In his coaching life Dan Bylsma has been blessed. Unlike many of his peers he spent very little time toiling in the minors or as an apprentice.
He had a short stint as an assistant with the Islanders and baby Penguins and a grand total of 55 games as a head coach in pro hockey before he was named Penguin boss.
When he took over less than a year ago the players were craving change. They were glad to say so long to gruff Michel Therrien and embraced the likable Bylsma. The Pens went 18-3-4 down the stretch and, you may have heard, won the Stanley Cup.
Add a great start this season and Bylsma had won 59 of his first 85 NHL games with a Cup ring to go with.
All of that leads us to this recent spot of bother. For his first time as a head coach, Bylsma suffered through a five-game losing streak. And in turn, he’s begun to push buttons that were dusty and pull strings that have never been used.
And the coaching fraternity says, “It’s about time and welcome to the club.”
Maybe the Penguins are finally a bit tired after two and a half long seasons. Perhaps it’s just the top players. Evgeni Malkin and Sidney Crosby were a combined minus-12 during the losing streak and the reality of the cap world is that if the top players aren’t leading the way, there is little depth to pick them up.
So far Bylsma has resisted calling out or blistering his players. He’s been positive while juggling lines and playing Crosby and Malkin together more. But after a win over Atlanta, the Pens didn’t look very good in a 7-4 thrashing at the hands of the Flyers Thursday. They’ve lost six of seven and Bylsma might have to dig deep into the coaching bag of tricks. A bag Ron Wilson in Toronto has already had to empty.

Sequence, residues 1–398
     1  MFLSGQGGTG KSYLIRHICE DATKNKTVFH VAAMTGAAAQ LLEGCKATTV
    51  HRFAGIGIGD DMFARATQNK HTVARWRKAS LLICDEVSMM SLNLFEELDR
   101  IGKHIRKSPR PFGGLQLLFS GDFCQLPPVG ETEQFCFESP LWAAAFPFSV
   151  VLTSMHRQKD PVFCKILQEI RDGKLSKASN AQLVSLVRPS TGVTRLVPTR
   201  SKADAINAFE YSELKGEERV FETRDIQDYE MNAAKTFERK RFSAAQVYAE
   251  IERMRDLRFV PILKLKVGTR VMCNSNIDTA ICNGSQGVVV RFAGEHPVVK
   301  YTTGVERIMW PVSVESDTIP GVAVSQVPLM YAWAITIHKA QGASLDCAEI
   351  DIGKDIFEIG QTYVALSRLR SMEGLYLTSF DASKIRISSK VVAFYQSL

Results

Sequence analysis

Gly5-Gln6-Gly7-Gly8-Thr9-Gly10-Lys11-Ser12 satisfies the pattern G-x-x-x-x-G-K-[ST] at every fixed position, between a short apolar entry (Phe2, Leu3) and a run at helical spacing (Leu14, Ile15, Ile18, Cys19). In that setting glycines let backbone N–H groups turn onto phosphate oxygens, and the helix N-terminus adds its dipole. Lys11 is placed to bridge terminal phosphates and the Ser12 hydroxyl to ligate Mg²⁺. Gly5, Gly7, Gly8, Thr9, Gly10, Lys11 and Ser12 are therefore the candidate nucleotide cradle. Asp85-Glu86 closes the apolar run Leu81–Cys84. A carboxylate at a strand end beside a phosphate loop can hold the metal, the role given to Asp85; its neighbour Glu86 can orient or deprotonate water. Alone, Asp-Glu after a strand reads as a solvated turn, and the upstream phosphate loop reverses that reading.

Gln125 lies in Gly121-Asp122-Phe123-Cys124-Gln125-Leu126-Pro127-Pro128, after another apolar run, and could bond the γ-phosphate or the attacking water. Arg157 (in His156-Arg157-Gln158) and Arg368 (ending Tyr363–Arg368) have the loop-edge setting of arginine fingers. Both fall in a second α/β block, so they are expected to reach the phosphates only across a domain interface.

Tune in to see which coach’s head explodes first.
On the hot stove:
Phil Kessel points to last season when he scored 36 goals in Boston, as an example of scoring slumps coming and going and rightly suggests no player scores in every game. The difference is that Boston was a very good team with some depth. The Leafs don’t have any points in the bank account to wait for flying Phil to crank it up again.
Kessel scored 10 goals in his first 15 games and four in the next 17. He left Philadelphia Wednesday with a goal as his only point in 10 games. But he could use a little help. Centre Matt Stajan went to Buffalo without a goal in 12 games and hasn’t been a slump-busting, set-up man either.
Interesting to see how Kessel responds to being publicly spanked by his boss. Wilson has played Kessel with everyone but Wendel Clark to try and get some production, but it’s not likely to break for Kessel until he gets a dirty two-footer off the end of his nose.
ISO camera on:
Evgeni Malkin can be a bit of a showboat but lately he hasn’t had much of a swagger at all. He hasn’t found a winger he clicks with since Petr Sykora left, unless he gets to play with Sid. Malkin has been shut out in six of the last nine games and the Penguins get so few goals from their wingers they have big trouble winning if he’s not getting points.
Malkin owns the Leafs though (seven goals, 25 assists in 14 games) and looks like he’s starting to come around. If the loss to the Flyers is an indication, the Leafs should be ready to deal with Malkin and Crosby playing together a lot.
The Penguins top forwards are locked up for the foreseeable future, but there’s some work to do on the blue-line.
Five of seven defenders are free agents at the end of this season. If the Pens sign Sergei Gonchar and keep him from being a UFA and also re-up Kris Letang, who’s a RFA, they will have almost $50 million US committed next season to 15 players, only four of them D-men.
And, something’s got to give on special teams.
The Penguins can’t score on the power play while the Leafs can’t kill a penalty. The latter is easier to understand than the former if you’re willing to blame a lot of the PK problem on goaltending. Pittsburgh has been blanked on the power play in 25 games, while Leafs have given up a power-play goal in 29 games. Will one be the cure for the other?
From the stat pack:
Crosby wanted to shoot more this season to score more. On the surface it looks like the plan has worked, yet he doesn’t shoot that much more than last season. He’s scored nine more goals on just 28 more shots after 44 games.
Crosby stats after 44 games:
2008-09 – 16 goals, 136 shots on goal
2009-10 – 26 goals, 164 shots on goal
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